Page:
Poll: Most Democrats excited about having 'someone new' run in 2020

Most Democratic voters said they are most excited about having "someone new" run in 2020 when presented with a list of potential presidential contenders in a USA Today/Suffolk University poll.

Fifty-nine percent of voters surveyed, nearly six in 10, said they would be "excited" about a potential candidate that is "someone new." Eleven percent said they wouldn't prefer a new face.

Someone new received more support than any of the potential candidates listed. 

ADVERTISEMENT

The second most popular option was former Vice President Joe BidenJoe BidenOmar fires back at Trump over rally remarks: 'This is my country' Trump mocks Biden appearance, mask use ahead of first debate Trump attacks Omar for criticizing US: 'How did you do where you came from?' MORE (D), who has consistently led polls of potential presidential candidates in the past few months. Fifty-three percent of voters surveyed for the USA Today/Suffolk University poll said they feel excited about Biden running, while 24 percent said he shouldn't run. 

"The 'someone new' versus Joe Biden finding illustrates the generational divide within the Democratic Party dating back to Walter Mondale versus Gary Hart in 1984," David Paleologos, director of the Suffolk Political Research Center, told USA Today. "Mondale won the nomination only to lose to the incumbent Republican president, Ronald Reagan."

"The test is which candidate can build on their core 'excitement' and not lose the voters of other Democrats who fall by the wayside," Paleologos added.

USA Today noted that polls this far out from presidential races typically ride on name recognition.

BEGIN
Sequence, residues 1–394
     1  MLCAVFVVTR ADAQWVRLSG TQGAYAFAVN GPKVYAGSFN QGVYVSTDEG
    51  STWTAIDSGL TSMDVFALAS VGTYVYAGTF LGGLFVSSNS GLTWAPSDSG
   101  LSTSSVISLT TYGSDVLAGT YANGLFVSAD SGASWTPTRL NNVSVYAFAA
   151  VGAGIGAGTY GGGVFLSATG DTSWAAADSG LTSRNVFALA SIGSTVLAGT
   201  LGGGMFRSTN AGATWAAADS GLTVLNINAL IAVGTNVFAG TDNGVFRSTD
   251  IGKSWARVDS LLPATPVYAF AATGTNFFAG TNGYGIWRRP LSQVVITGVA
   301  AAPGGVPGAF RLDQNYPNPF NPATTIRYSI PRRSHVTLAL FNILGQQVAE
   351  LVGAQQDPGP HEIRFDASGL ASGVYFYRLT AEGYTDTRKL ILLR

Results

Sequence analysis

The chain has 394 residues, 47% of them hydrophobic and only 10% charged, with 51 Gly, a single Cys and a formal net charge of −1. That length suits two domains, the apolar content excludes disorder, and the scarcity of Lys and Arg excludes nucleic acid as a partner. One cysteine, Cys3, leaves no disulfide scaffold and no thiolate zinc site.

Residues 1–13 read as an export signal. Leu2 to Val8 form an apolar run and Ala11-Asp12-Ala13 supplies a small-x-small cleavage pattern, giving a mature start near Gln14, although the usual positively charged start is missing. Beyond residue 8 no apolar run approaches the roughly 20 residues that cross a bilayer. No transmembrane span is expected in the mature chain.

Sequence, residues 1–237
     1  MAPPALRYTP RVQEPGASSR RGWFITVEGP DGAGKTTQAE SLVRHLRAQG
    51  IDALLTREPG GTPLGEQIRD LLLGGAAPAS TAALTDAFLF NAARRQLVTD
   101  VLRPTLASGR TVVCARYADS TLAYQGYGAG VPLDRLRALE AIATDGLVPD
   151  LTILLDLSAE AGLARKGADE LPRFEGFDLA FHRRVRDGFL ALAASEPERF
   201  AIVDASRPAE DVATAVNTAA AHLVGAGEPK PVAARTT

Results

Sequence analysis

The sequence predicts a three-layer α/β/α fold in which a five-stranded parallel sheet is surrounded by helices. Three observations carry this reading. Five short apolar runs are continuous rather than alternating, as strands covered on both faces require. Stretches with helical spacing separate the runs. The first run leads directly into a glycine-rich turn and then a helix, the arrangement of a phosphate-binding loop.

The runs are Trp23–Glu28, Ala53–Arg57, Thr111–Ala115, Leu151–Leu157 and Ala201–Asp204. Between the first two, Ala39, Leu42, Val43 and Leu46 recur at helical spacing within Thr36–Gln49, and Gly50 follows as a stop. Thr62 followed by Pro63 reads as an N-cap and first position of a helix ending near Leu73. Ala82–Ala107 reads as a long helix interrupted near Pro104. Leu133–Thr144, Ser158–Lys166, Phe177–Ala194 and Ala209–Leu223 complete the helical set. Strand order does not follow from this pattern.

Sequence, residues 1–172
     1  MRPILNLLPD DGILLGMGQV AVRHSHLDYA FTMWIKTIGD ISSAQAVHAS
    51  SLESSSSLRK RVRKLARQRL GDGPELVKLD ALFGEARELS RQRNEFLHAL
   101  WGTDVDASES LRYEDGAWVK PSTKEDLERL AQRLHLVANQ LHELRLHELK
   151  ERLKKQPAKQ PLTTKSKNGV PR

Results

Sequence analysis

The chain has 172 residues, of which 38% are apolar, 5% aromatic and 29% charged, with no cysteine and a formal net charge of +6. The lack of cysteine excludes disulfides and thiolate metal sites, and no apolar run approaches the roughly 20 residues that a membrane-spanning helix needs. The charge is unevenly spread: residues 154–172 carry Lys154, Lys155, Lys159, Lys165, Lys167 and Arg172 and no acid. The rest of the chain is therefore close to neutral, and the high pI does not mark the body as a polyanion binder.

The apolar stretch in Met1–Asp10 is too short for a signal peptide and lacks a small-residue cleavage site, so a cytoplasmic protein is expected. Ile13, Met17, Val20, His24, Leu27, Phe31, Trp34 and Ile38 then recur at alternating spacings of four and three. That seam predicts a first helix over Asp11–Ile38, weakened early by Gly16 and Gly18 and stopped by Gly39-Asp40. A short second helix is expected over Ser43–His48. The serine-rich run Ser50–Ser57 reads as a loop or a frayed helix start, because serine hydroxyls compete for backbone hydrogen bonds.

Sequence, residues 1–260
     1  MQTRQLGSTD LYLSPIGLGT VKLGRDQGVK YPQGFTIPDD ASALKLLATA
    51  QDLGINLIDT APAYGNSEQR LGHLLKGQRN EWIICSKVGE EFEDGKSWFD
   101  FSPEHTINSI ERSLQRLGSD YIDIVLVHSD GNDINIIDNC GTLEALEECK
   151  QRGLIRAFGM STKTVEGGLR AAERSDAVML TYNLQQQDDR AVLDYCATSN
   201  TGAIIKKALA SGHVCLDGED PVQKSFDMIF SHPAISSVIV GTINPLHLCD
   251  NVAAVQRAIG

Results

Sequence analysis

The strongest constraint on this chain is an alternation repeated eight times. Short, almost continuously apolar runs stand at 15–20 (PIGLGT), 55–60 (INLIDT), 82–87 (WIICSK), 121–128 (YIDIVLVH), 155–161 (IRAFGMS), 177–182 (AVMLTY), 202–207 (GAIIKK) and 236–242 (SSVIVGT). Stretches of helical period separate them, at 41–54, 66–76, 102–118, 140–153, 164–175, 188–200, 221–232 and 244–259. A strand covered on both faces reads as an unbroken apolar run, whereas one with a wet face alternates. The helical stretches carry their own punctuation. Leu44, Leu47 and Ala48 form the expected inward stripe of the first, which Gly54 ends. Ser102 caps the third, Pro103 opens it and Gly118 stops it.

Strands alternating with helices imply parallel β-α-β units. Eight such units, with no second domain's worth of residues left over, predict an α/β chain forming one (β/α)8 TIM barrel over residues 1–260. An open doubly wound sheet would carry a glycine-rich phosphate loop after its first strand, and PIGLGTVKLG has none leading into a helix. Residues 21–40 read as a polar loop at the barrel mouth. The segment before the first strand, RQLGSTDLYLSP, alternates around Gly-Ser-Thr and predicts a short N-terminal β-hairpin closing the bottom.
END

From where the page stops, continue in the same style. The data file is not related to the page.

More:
Thirty percent of those surveyed expressed excitement for Rep. Beto O'RourkeBeto O'RourkeJimmy Carter says his son smoked pot with Willie Nelson on White House roof O'Rourke endorses Kennedy for Senate: 'A champion for the values we're most proud of' 2020 Democrats do convention Zoom call MORE (D-Texas), who lost his Senate bid in November and has since been the subject of presidential speculation. Thirteen percent said O'Rourke shouldn't win the nomination.

Thirty-five percent of those surveyed said they had never heard of O'Rourke. 

Sen. Kamala HarrisKamala HarrisButtigieg stands in as Pence for Harris's debate practice First presidential debate to cover coronavirus, Supreme Court Harris joins women's voter mobilization event also featuring Pelosi, Gloria Steinem, Jane Fonda MORE (D-Calif.), another potential contender, had 29 percent support while 19 percent said she should stay out of the race. Sen. Cory BookerCory Anthony BookerBipartisan praise pours in after Ginsburg's death DHS opens probe into allegations at Georgia ICE facility Democratic lawmakers call for an investigation into allegations of medical neglect at Georgia ICE facility MORE (D-N.J.) fared similarly, with 28 percent of those polled expressing excitement and 19 percent saying he should not run. 

Twenty-seven percent of those surveyed said they are "excited" about Sen. Elizabeth WarrenElizabeth WarrenHarris joins women's voter mobilization event also featuring Pelosi, Gloria Steinem, Jane Fonda Judd Gregg: The Kamala threat — the Californiaization of America GOP set to release controversial Biden report MORE (D-Mass.) while 33 percent said she shouldn't launch a bid.

Seventy percent of voters in the poll said former Democratic presidential nominee Hillary ClintonHillary Diane Rodham ClintonButtigieg stands in as Pence for Harris's debate practice Senate GOP sees early Supreme Court vote as political booster shot Poll: 51 percent of voters want to abolish the electoral college MORE shouldn't run again, while 13 percent said they would be "excited" if she did. 

The poll surveyed 689 Democratic and independent voters between Dec. 11-16 and has a margin of error of plus or minus 3.7 percentage points.